Give Kairosoft’s Game Dev Story a whirl. Currently, the game is 40% off to celebrate the release of their newest game, Hot Springs Story.
Game Dev Story is just what it sounds like. A game about developing games.
In Game Dev Story, you start with yourself (the boss), a secretary, two staff and a small office seats for two more employees. With careful choices and incisive management you can become a huge game-developer, winning awards and making millions in the industry.
The sound effects are simple and effective, though if you’re playing for a while or in a noisier environment you might want to turn the music volume down separately. It’s cute and jaunty chip-music, but you’ll likely tune it out or tire of it after a while. Mostly I forgot it was there.
Each game is made for a specific platform, the PC being the cheapest to develop for. Consoles launch and fade away, attracting vast numbers of gamers, and are very profitable, but you need to establish a reputation and pay some hefty licensing fees before you can start developing for the highly-profitable console market.
The fortunes of game-consoles will also rise and fall, and it may not do to put all of your eggs into one basket.
Each game development cycle takes place in a number of phases. After selecting the type of game, the platform and direction, you’ll first need to get a writer to provide the overall game design. You can use an in-house employee with appropriate skills, or outsource to one of a selection of increasingly expensive writers.
Then the coding phase takes place, building on the design until you get to the alpha-stage. Graphical design comes next, and likewise can be handled in-house or outsourced. Once you get to beta, it’s time to work on sound, music and sound-effects (in-house or outsourced), and at the end of that phase you’ll go through the process of knocking the bugs out of it.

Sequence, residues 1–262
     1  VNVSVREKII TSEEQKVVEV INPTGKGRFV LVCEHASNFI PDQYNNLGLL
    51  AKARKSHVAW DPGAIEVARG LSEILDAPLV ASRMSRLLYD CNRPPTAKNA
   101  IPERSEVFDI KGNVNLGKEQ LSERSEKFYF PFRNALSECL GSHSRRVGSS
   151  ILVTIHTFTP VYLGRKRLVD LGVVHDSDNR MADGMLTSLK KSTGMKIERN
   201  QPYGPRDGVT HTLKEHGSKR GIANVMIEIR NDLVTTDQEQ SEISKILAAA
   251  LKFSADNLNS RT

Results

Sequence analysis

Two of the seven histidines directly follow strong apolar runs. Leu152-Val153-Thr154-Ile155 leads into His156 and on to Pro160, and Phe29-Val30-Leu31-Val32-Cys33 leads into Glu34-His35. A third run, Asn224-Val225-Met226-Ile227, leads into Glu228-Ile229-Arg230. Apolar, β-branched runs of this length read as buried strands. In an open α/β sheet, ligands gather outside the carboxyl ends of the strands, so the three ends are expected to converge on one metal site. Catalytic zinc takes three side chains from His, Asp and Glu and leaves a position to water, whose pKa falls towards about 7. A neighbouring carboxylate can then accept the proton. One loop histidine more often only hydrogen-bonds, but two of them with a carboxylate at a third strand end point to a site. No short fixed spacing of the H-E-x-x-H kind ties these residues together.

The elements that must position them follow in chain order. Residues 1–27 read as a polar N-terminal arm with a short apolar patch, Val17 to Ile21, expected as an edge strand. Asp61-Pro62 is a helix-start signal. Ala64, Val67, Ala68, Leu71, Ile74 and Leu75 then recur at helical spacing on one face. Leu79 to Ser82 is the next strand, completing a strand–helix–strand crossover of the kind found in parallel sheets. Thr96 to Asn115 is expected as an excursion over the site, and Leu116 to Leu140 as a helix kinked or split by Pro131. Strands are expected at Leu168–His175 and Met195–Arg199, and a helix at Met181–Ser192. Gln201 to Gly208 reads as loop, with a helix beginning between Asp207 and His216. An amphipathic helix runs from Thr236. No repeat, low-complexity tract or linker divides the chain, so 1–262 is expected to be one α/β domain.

When you fix bugs (or complete contracts, see below) you’ll earn research data points. These points can be used to level up your employees, pay for the usage of power-ups, or boost chances of success when employees make ambitious (and expensive!) attempts to boost the quality of the game.
In between making games, you can score some quick cash and research data points doing contracts for other firms, such as making ring-tones, musical scores for anime series, cartoon sound-effects, character designs, and game designs.
Advertise for staff, market your company, don’t overspend, don’t ship games too early (unless you’re desperate for cash), build your fan-base, try different genres and game-styles (or focus on just a couple), promote and train staff, use power-ups to get more out of your games and your employees, suffer the scorn of games-reviewers, and try to make it big, bigger, biggest.
You might even develop your own games console platform, if you’re good enough.
You can try the demo for free, it’s called Game Dev Story Lite. It’ll let you play for a couple of game years. Enough to get two or perhaps three games out of the door.
I played on a Samsung Galaxy Tablet, and a solid couple of hours of gameplay hit the battery pretty hard, but it wasn’t all that freshly charged to begin with, and I was having too much fun to care.
Highly recommended. Cheap, fun, cute, and interesting – and for less than most of you would pay for a cup of coffee. Play it now!